It is also important to keep a complete list of your medications (or bring all your pill bottles/boxes to every visit). It is important to never assume that the medication list in your records is correct. Your list should include all medications you are taking, including over-the-counter and/or alternative/complementary medicines; this includes tablets, liquids or creams.
“I had such severe rashes I took photos on my iPad and brought it along on my last appointment. It’s better than just saying ‘I’ve had a rash’. My doctor was surprised how bad it was.”
Give yourself sufficient time
Aim to arrive at least fifteen minutes early for your appointment. This will allow time for any delays or heavy traffic on your journey and if you arrive early, you will be calm and your blood pressure should be reliable when measured.
If the appointment will include a physical examination of a symptom it can save time by dressing so that the area can be accessed easily. Obviously it is important to ensure that you still dress appropriately for the weather outside.
- Write down your two or three most important questions/concerns.
- List or bring all your medicines and pills – including vitamins and supplements.
- Write down details of your symptoms, including when they started and what makes them better or worse.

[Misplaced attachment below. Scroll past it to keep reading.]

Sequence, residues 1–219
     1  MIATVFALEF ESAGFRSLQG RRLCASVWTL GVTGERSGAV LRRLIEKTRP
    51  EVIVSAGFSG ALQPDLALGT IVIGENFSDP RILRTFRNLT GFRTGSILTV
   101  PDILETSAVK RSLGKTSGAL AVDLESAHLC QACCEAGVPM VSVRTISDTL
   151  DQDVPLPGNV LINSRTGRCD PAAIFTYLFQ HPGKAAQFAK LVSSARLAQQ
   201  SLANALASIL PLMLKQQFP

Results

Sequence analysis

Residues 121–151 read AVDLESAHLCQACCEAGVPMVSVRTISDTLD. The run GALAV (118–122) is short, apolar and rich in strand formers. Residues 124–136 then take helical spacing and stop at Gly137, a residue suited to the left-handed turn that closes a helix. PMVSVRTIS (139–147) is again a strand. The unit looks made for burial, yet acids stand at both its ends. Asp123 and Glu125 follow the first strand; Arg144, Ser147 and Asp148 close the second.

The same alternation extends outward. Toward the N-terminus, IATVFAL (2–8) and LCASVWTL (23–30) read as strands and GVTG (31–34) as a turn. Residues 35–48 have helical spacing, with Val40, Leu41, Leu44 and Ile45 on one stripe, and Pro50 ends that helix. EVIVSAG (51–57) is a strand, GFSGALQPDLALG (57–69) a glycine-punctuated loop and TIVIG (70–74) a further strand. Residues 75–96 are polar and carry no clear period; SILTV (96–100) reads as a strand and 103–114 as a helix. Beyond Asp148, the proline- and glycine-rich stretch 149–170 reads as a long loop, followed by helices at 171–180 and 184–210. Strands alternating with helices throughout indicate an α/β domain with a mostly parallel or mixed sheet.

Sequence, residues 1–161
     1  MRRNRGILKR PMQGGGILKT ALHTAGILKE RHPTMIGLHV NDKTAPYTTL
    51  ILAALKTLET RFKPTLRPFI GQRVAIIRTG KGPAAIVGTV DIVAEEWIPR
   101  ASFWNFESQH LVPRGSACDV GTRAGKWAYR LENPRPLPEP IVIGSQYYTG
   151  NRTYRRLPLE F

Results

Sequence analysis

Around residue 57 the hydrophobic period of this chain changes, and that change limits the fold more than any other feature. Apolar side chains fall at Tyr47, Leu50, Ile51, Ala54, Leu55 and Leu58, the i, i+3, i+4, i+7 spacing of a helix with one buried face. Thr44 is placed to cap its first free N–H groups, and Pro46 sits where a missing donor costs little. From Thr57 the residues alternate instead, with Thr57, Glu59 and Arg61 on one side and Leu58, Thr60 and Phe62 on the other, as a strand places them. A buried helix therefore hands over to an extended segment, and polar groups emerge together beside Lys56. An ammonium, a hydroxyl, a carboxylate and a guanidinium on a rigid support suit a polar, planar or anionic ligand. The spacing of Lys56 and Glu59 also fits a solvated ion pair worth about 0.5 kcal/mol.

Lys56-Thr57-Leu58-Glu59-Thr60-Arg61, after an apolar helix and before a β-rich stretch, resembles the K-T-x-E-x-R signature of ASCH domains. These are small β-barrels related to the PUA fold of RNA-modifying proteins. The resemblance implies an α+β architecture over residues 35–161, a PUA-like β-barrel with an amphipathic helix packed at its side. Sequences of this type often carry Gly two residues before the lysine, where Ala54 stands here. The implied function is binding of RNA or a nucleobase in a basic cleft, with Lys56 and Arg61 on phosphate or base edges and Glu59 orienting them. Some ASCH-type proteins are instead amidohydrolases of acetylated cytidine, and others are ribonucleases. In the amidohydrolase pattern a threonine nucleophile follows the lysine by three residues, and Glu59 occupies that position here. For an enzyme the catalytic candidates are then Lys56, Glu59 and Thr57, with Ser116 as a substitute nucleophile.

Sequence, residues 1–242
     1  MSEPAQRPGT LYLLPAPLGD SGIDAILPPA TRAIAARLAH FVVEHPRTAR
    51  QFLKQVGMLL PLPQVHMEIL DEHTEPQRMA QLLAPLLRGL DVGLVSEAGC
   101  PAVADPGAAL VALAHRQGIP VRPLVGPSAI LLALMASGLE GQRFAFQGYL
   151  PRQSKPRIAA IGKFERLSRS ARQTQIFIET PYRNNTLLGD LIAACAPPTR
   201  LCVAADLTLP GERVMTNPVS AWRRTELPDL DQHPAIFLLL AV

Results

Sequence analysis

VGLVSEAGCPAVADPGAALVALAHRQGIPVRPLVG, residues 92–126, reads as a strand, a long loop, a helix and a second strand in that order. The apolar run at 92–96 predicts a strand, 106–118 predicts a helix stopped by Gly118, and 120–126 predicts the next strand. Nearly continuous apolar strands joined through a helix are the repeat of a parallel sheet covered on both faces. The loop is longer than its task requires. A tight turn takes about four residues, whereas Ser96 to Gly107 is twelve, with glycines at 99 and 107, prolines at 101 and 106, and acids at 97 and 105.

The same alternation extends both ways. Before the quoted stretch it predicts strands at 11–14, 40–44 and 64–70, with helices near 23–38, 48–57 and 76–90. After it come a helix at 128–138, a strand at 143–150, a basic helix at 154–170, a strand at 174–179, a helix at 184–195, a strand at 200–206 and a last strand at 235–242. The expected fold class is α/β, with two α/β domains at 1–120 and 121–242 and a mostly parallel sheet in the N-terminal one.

- Ask your hospital or surgery for an interpreter or communication support (if needed).
- Ask a friend or family member to come with you (if this helps).
- Allow plenty of time and aim to arrive for your appointment early.
- Dress appropriately.
“Be persistent. Only once your GP realises that they’ve seen you a lot recently will they start to understand that you’re not there because you want to be. I have a great GP and hospital team now but my last GP surgery were hit and miss.”
“If you don’t feel confident take a supportive partner/friend along”.
During the Appointment
Hand the doctor your list of most important questions and concerns at the very beginning of the visit (remember, your doctor is on a very tight schedule).
Around 80% of the information your doctor needs to make a correct diagnosis comes from what you say to him/her. The remaining pieces of the puzzle are found when you are examined and have tests carried out. This verbal information, ‘the history’, is very important and is mostly obtained in two ways – the first is when you answer your doctor’s questions, the second is when you say things without being asked.